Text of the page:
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Title: (Don't Call Me Kurly):Investigating the Role of C21Orf59/Kurly, a Novel Scaffold for Cilia Function and Planar Polarity, in PCP and Left-Right Patterning
Authors: Azoba, Chinenye
Advisors: Devenport, Danelle
Department: Molecular Biology
Class Year: 2018
Abstract: The planar cell polarity (PCP) signaling pathway involves the asymmetric partitioning of cortically localized core proteins in order to produce the collective polarization of cell structures and behaviors along a common axis in the epithelial plane during early development. Notably, PCP plays a key role in coordinating the position and orientation of cilia, which are microtubule-based organelles that play substantial roles in embryogenesis and other physiological processes by generating directional flow and responding to extracellular cues. While the influence of PCP signaling on cilia formation and orientation has been clearly established, evidence supporting the reciprocal regulation of planar cell polarity by cilia has not been solidified. This study addresses the role of a novel protein called C21Orf59/Kurly, previously shown to play a dual function in cilia motility and cilia polarity, for PCP signaling. Primarily, using in vitro protein recruitment assays, we show that Kurly associates with and stabilizes two cytoplasmic core PCP proteins, Dishevelled and Prickle in discrete punctate aggregates that may represent higher-order signaling clusters. We also report preliminary characterizations of laterality defects in c21orf59/kurly mutant embryos generated by CRISPR/Cas9-mediated knockout, which indicate that kurly may play a conserved role in left-right patterning specification as shown in zebrafish systems. These findings contribute valuable insight on a poorly understood mechanistic connection between cilia and PCP during early development and may classify a new molecular target for treatment of cilia-related disease.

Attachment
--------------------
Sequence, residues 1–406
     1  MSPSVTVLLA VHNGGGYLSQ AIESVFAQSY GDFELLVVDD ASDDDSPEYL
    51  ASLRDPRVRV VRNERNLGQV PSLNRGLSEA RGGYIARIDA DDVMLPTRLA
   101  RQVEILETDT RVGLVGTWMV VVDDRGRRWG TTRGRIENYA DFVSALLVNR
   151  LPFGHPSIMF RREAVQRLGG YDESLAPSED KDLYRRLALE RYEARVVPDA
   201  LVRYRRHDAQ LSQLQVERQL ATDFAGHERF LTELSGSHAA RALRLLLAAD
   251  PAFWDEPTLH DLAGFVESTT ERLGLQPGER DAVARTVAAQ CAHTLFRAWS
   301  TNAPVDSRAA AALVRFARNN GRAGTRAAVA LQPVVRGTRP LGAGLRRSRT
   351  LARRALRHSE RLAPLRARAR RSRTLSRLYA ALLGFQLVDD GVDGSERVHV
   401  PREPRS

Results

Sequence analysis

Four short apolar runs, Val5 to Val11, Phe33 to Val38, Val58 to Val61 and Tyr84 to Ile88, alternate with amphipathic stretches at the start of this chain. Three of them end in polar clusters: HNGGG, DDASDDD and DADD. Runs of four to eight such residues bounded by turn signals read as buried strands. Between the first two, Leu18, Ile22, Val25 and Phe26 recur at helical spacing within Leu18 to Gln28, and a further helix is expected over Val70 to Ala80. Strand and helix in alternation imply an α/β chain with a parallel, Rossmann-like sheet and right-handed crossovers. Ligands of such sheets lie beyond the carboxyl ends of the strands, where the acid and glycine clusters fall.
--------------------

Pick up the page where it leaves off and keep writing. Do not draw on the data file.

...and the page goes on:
Type of Material: Princeton University Senior Theses
Language: en
Appears in Collections:Molecular Biology, 1954-2020

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